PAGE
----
“Drug dealers get heftier and longer sentences than rapists, which is perplexing considering that people ask for drugs, but no one asks to get raped. It’s the American Justice System in a nutshell.” This quote has been floating around the internet for years now, and it represents a common conception held by Americans. In 2009, the Rape Abuse and Incest National Network reported that out of every 100 rapists, two will spend a single day in prison. Contrastingly, the United States Bureau of Justice Statistics found that as of September 2014, 50% of sentenced inmates in federal prison were serving time for drug offenses.
This information, startlingly high incarceration rates of drug offenders, is partly credited to the seemingly endless, trillion dollar effort that is the War on Drugs. This campaign began nearly 45 years ago when President Nixon declared, in 1971, “America’s public enemy number one in the United States is drug abuse. In order to fight and defeat this enemy, it is necessary to wage a new, all-out offensive.” Nixon funded one of America’s first treatment programs, stating to Congress, “As long as there is a demand, there will be those willing to take the risks of meeting the demand.” The President’s policies reflected the temperance view and the disease view of addition. Though rooted in good intentions, and given ample time, resources, and effort, the war Nixon began nearly half a decade ago seems to still exist today. At that, it’s a war that has largely been unsuccessful, a war that we are losing.
That’s not to say that we haven’t been fighting it. Since 1971, sentences on drug offenses have gotten stricter, millions of offenders have been fined and jailed, and rehabilitation efforts have been made for those who face drug abuse problems. The problem is the government has taken the approach of locking their people up and throwing away the key, which, by any means, cannot be regarded or celebrated as successful.
CNN points out the biggest indicator that this movement has been a failure: “The US has the largest prison population in the world, with around 2.3 million behind bars. More than half a million of those people are incarcerated for a drug law violation … Have US drug laws reduced drug use? No. The U.S. is the Number one nation in the world nation in the world in illegal drug use.” CNN mirrored the War on Drugs to the Prohibition, an infamously flawed, doomed effort. “As with the Prohibition, banning alcohol didn’t stop people from drinking, it just stopped people from obeying the law.”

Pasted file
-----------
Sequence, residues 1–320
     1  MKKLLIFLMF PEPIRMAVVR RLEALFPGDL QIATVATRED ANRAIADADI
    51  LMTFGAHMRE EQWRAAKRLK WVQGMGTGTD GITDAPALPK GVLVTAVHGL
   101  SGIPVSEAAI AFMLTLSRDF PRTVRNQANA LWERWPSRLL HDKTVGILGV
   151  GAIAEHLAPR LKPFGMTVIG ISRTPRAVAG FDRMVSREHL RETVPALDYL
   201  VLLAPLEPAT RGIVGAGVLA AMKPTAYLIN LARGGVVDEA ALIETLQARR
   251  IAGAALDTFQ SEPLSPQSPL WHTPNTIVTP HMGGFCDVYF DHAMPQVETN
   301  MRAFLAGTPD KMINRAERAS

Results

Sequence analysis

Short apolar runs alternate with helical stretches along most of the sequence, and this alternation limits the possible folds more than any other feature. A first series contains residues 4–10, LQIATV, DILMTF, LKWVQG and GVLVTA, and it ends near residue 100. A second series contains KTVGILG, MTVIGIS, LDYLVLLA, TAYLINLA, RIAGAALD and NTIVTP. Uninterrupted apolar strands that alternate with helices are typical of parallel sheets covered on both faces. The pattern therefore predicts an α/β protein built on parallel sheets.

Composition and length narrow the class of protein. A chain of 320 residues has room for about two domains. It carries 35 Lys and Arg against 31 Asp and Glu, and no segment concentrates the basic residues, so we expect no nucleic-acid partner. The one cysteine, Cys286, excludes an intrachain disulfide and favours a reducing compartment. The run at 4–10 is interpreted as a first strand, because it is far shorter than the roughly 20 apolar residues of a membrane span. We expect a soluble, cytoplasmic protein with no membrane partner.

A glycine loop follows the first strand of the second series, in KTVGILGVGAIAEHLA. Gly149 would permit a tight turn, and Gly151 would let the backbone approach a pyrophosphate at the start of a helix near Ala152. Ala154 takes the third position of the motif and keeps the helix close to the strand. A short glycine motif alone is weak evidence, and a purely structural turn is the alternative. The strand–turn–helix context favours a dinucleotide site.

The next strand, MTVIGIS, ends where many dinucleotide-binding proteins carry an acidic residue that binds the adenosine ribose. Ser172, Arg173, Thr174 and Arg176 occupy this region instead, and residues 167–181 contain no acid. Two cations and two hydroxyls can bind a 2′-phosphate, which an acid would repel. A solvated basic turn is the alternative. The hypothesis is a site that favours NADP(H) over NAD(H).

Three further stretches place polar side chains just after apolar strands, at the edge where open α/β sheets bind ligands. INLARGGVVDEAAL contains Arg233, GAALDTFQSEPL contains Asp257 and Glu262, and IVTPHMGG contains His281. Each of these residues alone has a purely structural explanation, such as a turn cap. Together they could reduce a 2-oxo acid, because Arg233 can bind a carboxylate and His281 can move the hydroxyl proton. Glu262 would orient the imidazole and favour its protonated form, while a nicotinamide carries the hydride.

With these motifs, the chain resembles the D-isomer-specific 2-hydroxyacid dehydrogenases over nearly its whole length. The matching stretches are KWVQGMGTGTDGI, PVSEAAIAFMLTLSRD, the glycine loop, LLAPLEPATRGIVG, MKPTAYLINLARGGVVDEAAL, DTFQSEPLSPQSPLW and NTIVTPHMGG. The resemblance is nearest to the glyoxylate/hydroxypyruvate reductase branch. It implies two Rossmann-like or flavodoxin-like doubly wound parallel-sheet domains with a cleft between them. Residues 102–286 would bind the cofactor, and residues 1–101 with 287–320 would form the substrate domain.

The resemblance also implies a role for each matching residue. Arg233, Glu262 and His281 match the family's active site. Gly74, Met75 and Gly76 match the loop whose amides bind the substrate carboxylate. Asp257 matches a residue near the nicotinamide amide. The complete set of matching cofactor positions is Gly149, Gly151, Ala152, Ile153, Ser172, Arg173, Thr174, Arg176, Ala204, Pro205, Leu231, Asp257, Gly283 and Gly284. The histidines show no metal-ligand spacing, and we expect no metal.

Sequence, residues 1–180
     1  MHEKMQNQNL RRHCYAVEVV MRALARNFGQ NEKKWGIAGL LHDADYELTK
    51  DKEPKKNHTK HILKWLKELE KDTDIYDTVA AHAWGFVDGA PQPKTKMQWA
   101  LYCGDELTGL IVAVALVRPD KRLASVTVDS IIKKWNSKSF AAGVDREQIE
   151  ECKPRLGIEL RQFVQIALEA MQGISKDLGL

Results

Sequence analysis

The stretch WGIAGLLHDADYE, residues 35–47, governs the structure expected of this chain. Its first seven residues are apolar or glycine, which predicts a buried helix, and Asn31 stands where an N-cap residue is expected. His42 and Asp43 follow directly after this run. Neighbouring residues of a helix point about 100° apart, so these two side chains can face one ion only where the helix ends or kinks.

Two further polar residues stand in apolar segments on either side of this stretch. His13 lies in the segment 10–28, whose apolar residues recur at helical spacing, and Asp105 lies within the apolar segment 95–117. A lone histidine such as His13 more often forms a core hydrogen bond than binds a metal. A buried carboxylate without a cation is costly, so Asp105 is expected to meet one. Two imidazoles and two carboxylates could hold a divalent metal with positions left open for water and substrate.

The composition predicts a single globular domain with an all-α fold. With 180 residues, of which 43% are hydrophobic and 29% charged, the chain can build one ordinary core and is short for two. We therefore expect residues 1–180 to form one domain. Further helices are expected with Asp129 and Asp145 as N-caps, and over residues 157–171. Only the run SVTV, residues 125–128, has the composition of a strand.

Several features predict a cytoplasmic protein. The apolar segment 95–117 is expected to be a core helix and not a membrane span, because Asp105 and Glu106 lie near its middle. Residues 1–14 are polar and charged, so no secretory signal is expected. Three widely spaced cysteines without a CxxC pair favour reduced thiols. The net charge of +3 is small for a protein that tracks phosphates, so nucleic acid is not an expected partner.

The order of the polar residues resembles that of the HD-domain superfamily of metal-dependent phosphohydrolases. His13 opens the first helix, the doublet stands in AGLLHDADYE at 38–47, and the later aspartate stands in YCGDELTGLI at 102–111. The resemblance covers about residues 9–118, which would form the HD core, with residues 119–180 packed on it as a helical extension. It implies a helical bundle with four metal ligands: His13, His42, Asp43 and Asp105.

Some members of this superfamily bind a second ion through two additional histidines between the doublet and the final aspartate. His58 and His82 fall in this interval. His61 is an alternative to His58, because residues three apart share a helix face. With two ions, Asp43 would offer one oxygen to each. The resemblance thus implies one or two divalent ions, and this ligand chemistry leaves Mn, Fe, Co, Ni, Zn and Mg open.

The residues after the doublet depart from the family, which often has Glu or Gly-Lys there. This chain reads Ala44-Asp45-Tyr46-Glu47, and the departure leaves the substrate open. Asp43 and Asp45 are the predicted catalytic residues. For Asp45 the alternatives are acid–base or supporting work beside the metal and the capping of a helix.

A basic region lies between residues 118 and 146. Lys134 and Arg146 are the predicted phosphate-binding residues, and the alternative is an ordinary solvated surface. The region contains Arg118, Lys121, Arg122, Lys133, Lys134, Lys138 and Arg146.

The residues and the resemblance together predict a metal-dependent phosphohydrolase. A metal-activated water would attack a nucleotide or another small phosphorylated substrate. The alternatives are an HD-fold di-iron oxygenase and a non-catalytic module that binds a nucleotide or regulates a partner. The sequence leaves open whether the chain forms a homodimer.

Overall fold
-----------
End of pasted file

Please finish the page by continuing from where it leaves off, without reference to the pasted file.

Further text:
The vastly large number of people we have imprisoned would almost be deemed as a success for the US government if the high incarceration rates correlated with a decrease in drug use and distribution. But as CNN reported, no such correlation exists. We have thrown not billions but trillions of dollars at a problem that has failed to cease significantly. The National Center on Addiction and Substance Abuse at Columbia University reported that an estimated 13% of state budgets go towards dealing with drug abuse but allocated only four cents out of every dollar spent for treatment and prevention.
Our efforts on reform have been few and far between. Ethan Nadelmann, head of the Drug Policy Alliance (A New York City based policy and lobbying group) says his group’s most remarkable accomplishment was the passage of California’s Proposition 36 in 2000, which requires treatment instead of incarceration for drug offenders and has already kept nearly 100,000 people from going to jail or prison. The act doubled money for drug treatment purposes and saved taxpayers money by reducing prison populations. Nadelmann and the DPA pushed for this act, and continue to push for it in other states, because they do not support the government strategy of making an intense effort to put too many people behind bars and not doing very little to reduce the availability of drugs.
If such measures were taken in all fifty states, things would be drastically different. Addiction is a disease. Putting drug addicts in jail is only locking them away for a set period of time before they are released and inevitably use again. Focusing efforts on rehabilitation instead of incarceration would allow for addicts to get the help that they need. It would not solve the problem over night, but it would drastically reduce incarceration rates, saving us resources and money.
Nadelmann stated, “The true challenge is learning to live with drugs so that they cause the least harm. An effective strategy needs to establish realistic objectives and criteria for evaluating success or failure, and must focus on reducing the death, disease, crime and suffering associated with both drug use and drug policies.” Successfully winning against the war on drugs won’t be easy, but it won’t be a success at all if the government continues to see incarceration as the best answer to this lethal and dangerous problem. As Einstein famously believed, “The definition of insanity is doing the same thing over and over again and expecting different results.”
Our well-meaning efforts in this war have been insane, unsuccessful, and borderline laughable. We’ve spent a trillion dollars and have made a small, barely noticeable dent in an ongoing epidemic. If we don’t act now to restructure our laws and the American Criminal Justice system as a whole, this could get much, much worse.